G7 in Hiroshima seen from Asia
Taiwan, containing China, and the Ukraine War will top the agenda of this year’s summit of the most industrialised countries. In light of regional dynamics, they will be joined by India, South Korea, Indonesia, and Vietnam. Meanwhile, China is hosting a meeting with Central Asian countries in Xi'an. The World Food Programme makes an appeal for food security, while Oxfam reports that G7 countries owe US$ 13.3 trillion in unpaid aid and funding.
Hiroshima (AsiaNews/Agencies) – The world’s attention is set on Hiroshima, where G7 leaders have arrived for their annual summit, chaired this year by the host nation, Japan.
Russia’s invasion of Ukraine and its global repercussions will top the agenda once again. But China’s threats against Taiwan will also dominate the discussions, as will steps to reduce Western democracies’ dependence on supply chains centred on China, especially in strategic sectors like semiconductors.
The balance of power in the Asia-Pacific region will be at the centre of sessions with other invited participants, an established practice at G7 meetings, including the leaders of South Korea, India, Indonesia and Vietnam.
Interestingly, as the G7 summit gets underway in Hiroshima, Chinese President Xi Jinping will chair a two-day summit in Xi'an with the leaders of the former Soviet republics of Central Asia: Kazakhstan, Kyrgyzstan, Tajikistan, Turkmenistan and Uzbekistan.
Ostensibly, this is meant to give renewed impetus to Belt and Road Initiative, the “new silk road”, Beijing’s great infrastructural development plan designed to link China to Europe.
In light of all this, a highly anticipated trilateral meeting is set to take place on the sidelines of the G7 on Sunday between Japanese Prime Minister Kishida, US President Joe Biden, and South Korean President Yoon Suk-Yeol.
The three are expected to discuss ways to boost security cooperation, including stronger nuclear deterrence in Asia given recent developments. And to discuss such issues in Japan and in Hiroshima of all places cannot fail to raise heavy questions.
Prime Minister Kishida, who chose in fact his hometown to emphasise his message, will join South Korean President Yoon to inaugurate a monument to honour the Korean victims of the atomic bomb.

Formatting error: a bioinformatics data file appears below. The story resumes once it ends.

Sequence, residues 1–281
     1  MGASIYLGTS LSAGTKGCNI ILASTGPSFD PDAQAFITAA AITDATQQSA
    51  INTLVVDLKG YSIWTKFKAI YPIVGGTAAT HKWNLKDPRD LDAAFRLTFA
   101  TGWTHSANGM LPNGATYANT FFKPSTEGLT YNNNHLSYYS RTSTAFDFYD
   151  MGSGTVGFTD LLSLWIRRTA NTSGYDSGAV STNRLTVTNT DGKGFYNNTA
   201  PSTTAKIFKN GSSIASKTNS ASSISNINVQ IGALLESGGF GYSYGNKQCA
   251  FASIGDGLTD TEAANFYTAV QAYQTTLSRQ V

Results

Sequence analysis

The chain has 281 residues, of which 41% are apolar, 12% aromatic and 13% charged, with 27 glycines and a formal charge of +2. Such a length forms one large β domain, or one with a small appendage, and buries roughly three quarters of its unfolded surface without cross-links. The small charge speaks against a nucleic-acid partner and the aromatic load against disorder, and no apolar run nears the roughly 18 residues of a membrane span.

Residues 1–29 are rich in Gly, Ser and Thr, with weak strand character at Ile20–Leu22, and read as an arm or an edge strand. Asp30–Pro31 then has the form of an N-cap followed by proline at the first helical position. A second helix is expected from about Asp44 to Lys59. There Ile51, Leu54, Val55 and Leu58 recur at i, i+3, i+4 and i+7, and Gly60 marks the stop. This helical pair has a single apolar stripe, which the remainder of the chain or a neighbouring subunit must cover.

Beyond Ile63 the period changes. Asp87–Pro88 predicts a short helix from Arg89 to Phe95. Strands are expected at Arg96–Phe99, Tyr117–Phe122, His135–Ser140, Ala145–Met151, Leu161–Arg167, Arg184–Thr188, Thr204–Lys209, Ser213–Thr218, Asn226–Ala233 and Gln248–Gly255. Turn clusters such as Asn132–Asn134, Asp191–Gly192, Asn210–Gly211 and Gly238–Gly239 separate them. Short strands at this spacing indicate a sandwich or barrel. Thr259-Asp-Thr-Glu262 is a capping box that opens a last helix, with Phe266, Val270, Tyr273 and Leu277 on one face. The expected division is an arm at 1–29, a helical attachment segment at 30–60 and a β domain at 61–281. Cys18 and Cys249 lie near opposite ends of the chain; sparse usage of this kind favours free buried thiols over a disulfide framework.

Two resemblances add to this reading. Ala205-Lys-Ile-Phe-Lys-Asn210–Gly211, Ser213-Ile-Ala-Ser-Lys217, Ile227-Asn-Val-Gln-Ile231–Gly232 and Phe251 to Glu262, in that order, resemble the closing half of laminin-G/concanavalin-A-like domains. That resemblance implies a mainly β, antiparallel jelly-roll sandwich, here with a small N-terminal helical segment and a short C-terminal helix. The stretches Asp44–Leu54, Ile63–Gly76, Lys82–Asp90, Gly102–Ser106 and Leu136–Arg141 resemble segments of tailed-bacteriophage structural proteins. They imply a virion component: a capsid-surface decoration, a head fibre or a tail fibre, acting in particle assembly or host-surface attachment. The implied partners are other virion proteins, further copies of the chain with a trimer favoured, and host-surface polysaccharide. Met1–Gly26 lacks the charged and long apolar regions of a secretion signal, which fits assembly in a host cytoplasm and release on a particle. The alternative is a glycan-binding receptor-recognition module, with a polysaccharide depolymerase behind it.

The is part of a journey the two countries are undertaking to boost cooperation by turning the page on the sensitive issue of Japan's colonial rule over the Korean peninsula between 1910 and 1945 and the lingering disputes it caused.
Finally, cooperation with the global South is another topic on the G7 agenda in Hiroshima.
The World Food Programme (WFP) has launched an appeal on food security, noting that 828 million people in the world wake up every day not knowing where their next meal will come from.
“Food assistance is crucial to preventing acute hunger and malnutrition, but it is a short-term solution and comes at a high cost,” writes the WFP. Instead, it “must be combined with longer-term investments in development and increasing sustainable agricultural production.”
Based on the experience gained during the COVID-19 emergency, G7 leaders will also discuss a plan to manufacture and purchase vaccines, as well as invest in low-temperature storage facilities and training of health workers to prepare for the next global pandemic.
In this respect, a grain of salt is needed since many of the development promises made at these summits are never kept.
In fact, a report just released by Oxfam suggests that G7 countries owe low- and middle-income countries US$ 13.3 trillion in unpaid aid and funding for climate action.